How Regenerative Agriculture Differs from Organic

Day 10 of 40 days of regeneration brings some clarity to why a new category of food and fiber are important

Today we are one-quarter of the way through this regenerative initiation, great job making it thus far. Today we bring some clarity around the strategic difference between a regenerative category of food, clothing, and possibly recreational marijuana.

Defining Regenerative Agriculture

A definition of regenerative agriculture comes from the team at Terra Genesis International, the best ecological consultants in the space, who state: “regenerative agriculture is a system of farming principles and practices that increases biodiversity, enriches soils, improves watersheds, and enhances ecosystem services.” Another industry pioneer, Darren Dougherty, explains regeneration: “we have to be ‘Blue before Green & Black’! That is we need to have Water (Blue) before we get Vegetation/Money (Green) and a residue of Soil Carbon/Deposits (Black).”

Regenerative agriculture restores the ecosystem it is grown in.

Key Takeaway: Regenerative Agriculture is defined by the creation of beneficial ecological outcomes.

Unlike regenerative agriculture, organic agriculture is not defined by its ecological outcomes. According to The Balance: “There is no universally accepted definition of organic farming, but most consider it to be a specific production system that aims to avoid the use of synthetic and harmful pesticides, fertilizers, growth regulators, and livestock feed additives.” Since Organic Agriculture is not defined by its beneficial ecological outcome, it is instead a set of rules that are set by governments who were lobbied by agribusinesses; it is a model that can be corrupted.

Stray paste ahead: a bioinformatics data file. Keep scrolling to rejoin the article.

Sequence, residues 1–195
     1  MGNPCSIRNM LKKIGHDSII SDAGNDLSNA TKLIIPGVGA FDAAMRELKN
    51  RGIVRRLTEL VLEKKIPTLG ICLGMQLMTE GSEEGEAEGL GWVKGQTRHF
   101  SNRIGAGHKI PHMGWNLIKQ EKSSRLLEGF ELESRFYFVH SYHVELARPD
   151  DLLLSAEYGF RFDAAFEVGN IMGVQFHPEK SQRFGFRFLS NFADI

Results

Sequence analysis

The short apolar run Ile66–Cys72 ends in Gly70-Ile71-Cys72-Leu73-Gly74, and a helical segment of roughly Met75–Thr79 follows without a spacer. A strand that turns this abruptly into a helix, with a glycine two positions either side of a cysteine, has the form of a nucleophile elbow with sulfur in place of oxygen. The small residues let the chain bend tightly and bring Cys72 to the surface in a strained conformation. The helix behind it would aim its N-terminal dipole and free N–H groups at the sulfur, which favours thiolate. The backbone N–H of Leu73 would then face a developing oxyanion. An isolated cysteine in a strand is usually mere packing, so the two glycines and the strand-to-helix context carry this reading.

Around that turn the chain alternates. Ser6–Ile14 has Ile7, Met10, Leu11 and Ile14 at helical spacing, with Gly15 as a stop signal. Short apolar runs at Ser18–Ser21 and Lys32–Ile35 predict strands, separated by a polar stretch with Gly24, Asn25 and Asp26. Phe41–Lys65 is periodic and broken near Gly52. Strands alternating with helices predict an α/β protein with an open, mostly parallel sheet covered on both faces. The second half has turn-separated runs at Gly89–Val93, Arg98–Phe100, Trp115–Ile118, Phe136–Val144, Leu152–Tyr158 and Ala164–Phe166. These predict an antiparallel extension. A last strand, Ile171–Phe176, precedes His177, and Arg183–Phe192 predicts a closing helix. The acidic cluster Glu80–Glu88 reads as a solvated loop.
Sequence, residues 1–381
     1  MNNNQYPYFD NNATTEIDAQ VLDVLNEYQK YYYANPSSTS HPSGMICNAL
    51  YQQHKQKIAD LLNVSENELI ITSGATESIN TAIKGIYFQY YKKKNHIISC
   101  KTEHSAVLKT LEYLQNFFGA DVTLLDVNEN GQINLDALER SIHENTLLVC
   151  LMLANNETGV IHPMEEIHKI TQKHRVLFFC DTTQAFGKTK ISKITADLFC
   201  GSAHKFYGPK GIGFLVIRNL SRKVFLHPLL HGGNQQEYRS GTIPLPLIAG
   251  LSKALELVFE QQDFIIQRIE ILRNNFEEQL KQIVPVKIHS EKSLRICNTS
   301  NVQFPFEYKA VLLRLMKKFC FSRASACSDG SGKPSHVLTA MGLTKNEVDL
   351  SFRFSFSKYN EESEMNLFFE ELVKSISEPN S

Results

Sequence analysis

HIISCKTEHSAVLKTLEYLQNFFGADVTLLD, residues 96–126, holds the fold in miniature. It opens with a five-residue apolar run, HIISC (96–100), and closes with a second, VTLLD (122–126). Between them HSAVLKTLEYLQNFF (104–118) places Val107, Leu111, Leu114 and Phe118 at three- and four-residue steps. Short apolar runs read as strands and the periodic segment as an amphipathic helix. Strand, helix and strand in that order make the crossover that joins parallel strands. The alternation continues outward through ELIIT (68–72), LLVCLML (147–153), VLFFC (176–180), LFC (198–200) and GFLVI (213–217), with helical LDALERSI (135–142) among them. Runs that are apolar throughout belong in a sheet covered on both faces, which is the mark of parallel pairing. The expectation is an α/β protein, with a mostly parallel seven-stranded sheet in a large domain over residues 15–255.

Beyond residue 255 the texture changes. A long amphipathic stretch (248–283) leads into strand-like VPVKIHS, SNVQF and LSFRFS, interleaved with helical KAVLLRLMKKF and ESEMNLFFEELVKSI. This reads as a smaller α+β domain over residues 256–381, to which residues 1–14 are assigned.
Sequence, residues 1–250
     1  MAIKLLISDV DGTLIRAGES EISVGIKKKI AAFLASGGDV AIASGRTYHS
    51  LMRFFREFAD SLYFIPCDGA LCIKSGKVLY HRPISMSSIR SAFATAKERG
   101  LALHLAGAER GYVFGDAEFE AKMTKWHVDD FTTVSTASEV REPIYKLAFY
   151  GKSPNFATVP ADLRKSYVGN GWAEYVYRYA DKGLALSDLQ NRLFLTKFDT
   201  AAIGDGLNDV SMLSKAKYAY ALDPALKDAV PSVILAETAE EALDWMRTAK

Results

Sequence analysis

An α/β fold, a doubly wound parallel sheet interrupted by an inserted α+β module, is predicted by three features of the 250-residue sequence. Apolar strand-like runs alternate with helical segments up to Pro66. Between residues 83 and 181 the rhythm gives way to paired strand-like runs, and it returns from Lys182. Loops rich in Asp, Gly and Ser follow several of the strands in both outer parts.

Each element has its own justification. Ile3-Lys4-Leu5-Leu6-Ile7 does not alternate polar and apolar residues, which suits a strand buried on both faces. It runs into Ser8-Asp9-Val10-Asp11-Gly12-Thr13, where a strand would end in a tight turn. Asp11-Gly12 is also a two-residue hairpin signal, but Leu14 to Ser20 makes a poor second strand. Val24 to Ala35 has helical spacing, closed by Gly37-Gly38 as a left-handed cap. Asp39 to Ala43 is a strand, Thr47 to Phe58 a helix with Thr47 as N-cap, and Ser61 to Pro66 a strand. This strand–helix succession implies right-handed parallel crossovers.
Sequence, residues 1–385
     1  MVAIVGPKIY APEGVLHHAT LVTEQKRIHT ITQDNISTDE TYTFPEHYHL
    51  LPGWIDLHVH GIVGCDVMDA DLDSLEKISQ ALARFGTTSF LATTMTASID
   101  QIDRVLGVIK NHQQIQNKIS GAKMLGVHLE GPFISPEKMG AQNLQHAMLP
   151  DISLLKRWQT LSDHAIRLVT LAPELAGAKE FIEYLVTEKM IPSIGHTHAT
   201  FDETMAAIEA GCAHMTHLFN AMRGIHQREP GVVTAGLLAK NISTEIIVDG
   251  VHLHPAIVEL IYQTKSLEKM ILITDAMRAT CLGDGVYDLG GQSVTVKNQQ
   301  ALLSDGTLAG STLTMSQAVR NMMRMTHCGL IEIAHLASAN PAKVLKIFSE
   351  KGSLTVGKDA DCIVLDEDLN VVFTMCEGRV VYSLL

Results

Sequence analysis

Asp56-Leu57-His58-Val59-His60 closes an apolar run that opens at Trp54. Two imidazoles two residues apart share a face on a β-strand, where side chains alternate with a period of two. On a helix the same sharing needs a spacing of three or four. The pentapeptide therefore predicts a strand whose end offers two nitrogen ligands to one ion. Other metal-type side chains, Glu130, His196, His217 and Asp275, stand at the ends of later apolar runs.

Organic sales account for only four percent of total U.S. food sales, and three percent in Canada, even though organic has been around for over thirty years. The rules for growing organic come from a good place, purists want to ensure that agriculture is as pure as possible, since it was created many years ago, the system may be outdated.

Key Takeaway: organic agriculture is not defined by positive ecological outcomes

What do you think, does organic certification go far enough to creating a more restorative agricultural model?

The Journey

40 Days of Regeneration is an online initiation to show you, the consumer, that it is possible to Reverse Climate Change profitably. Sign this pledge to seven of the world’s best social impact venture capitalists telling them you will allocate some of your money to purchase CO2 Negative food, clothing and other products to encourage them to invest in this industry.

Follow me on January 1st, 2019 as I swim from Alcatraz Island to the shore at SF Aquatic Park to inspire us all to support regenerative endeavors. 50 years ago, the prisoners housed on Alcatraz thought this 1.25-mile swim was impossible, today thousands of people a year do it. The same is true for those who say we cannot Reverse Climate Change; together we can.

Together We Can

Community at Forta and Blockchain For Ecology

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